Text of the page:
5. #5
    Power Poster dunster's Avatar
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    Don't men buy the best tools they can afford for their hobbies? Don't all cooks look for the freshest produce and the best cut of meat that is affordable? Why would we as quilters not do the same?

    We buy the best fabric we can afford (looking for the best price at the same time) because we believe that quality fabric looks better and holds up longer than cheaper fabrics. We want to make the best quilts we can, and that means using good ingredients, within the limits of our budget. We use the best tools we can find and afford, because they make it easier for us to produce a quality product. And good tools last longer and are often safer than tools of lesser quality.

    Last but not least, we buy the best we can afford because --- WE'RE WORTH IT!

  6. #6
    Super Member Dolphyngyrl's Avatar
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    I never say that. I started out on a 100 dollar cheapo mechanical brother and used it for my first decade of quilting. I am a firm believer in that you do not need a TOL for quilting or sewing, but if you can afford better why not. I have acquired everything slowly as time goes on because I started out in college with little money with an aunt that quilted that gladly gave me fabric to use. II don't think many downgrade fabrics from various sources, many on here proudly shop joanns, hobby lobby, walmart, LQS, online, anywhere they can grab a deal. I have purchased from all above sources, I usually don't even buy much fabric from my LQS unless I get money or gift card for my birthday or x-mas I splurge and shop there, and I usually still wait for a good sale or coupons, because in reality and this economy who can afford the prices of the LQS. I think most quilters just know how to be frugal and get the best bang for their buck
    Brother XL-3500i, SQ-9050, Dreamweaver XE6200D

  7. #7
    Power Poster mighty's Avatar
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    Quote Originally Posted by Dolphyngyrl View Post
    I never say that. I started out on a 100 dollar cheapo mechanical brother and used it for my first decade of quilting. I am a firm believer in that you do not need a TOL for quilting or sewing, but if you can afford better why not. I have acquired everything slowly as time goes on because I started out in college with little money with an aunt that quilted that gladly gave me fabric to use. II don't think many downgrade fabrics from various sources, many on here proudly shop joanns, hobby lobby, walmart, LQS, online, anywhere they can grab a deal. I have purchased from all above sources, I usually don't even buy much fabric from my LQS unless I get money or gift card for my birthday or x-mas I splurge and shop there, and I usually still wait for a good sale or coupons, because in reality and this economy who can afford the prices of the LQS. I think most quilters just know how to be frugal and get the best bang for their buck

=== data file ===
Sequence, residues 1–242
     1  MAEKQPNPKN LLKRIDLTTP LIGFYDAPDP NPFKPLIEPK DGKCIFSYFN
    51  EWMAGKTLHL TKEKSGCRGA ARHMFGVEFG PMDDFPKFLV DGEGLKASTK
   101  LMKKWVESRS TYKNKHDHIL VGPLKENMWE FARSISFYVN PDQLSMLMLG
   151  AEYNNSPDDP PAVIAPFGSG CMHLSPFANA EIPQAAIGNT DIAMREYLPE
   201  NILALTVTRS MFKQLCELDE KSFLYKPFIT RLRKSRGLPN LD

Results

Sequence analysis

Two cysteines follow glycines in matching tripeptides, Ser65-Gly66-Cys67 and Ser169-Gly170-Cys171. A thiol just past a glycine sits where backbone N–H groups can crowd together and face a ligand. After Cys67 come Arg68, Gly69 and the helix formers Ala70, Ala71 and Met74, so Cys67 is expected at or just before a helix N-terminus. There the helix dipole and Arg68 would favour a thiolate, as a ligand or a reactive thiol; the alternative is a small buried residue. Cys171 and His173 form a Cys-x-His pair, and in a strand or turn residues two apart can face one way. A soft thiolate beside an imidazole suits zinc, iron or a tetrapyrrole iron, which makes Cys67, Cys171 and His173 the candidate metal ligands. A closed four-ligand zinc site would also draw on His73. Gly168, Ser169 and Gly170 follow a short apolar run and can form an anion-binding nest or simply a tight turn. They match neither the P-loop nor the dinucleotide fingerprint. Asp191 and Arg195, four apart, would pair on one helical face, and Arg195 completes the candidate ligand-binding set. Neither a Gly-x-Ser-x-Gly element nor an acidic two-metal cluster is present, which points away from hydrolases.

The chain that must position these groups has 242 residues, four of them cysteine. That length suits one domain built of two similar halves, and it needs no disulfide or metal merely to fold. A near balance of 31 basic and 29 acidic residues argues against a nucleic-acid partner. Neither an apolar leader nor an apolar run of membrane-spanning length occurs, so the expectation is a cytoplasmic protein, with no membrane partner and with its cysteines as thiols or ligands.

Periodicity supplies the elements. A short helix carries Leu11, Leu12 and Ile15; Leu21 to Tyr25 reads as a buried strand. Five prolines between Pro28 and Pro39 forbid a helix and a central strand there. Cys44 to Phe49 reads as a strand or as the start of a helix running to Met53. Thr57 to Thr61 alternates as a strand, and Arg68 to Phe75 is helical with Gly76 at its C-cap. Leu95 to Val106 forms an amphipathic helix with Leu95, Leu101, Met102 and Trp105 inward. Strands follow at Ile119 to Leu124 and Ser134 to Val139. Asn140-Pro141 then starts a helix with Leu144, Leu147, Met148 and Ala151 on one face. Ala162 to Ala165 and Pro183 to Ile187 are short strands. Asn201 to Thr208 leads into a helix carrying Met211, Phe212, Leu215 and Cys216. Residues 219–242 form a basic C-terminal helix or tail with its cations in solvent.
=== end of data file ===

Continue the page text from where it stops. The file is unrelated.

Ditto that!!!!!!!

  8. #8
    Power Poster Moonglow's Avatar
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    Quilting is my passion and I buy what I can afford. I don't have to have the best tools or the best sewing machine because most of the quilts I make are 'wash and wear' and given away. When I first learnt quilting all you needed was a good pair of scissors and a basic sewing machine. We made our own templates from cardboard etc. and didn't have any fancy tools. However, we still made beautiful quilts.
    Nowadays I think that a rotary cutter and a cutting mat are essential. Gadgets and tools are great if you are going to use them most of the time, however, I would rather spend my money on beautiful fabric.
    Lastly, let's just enjoy making quilts without having to be concerned about whether we have the best tools or machine or whatever. It's about making beautiful memories.
    Last edited by Moonglow; 01-16-2013 at 10:02 PM.

  9. #9
    Super Member quiltsRfun's Avatar
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    Quote Originally Posted by dunster View Post
    Don't men buy the best tools they can afford for their hobbies? Don't all cooks look for the freshest produce and the best cut of meat that is affordable? Why would we as quilters not do the same? . . . we buy the best we can afford because --- WE'RE WORTH IT!
    My sentiments exactly. I got along with less while I was raising my family. It's nice to be able to have a little extra to spend on things I love now that it's just DH and me. But I try to keep it within reason.

  10. #10
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    I take back what I said because I see that none of you consider yourselves fabric artists. I had mistakenly thought from many other threads that most quilters thought of themselves as making fabric art. I was confusing oranges for apples.I appologize for obviously offending you.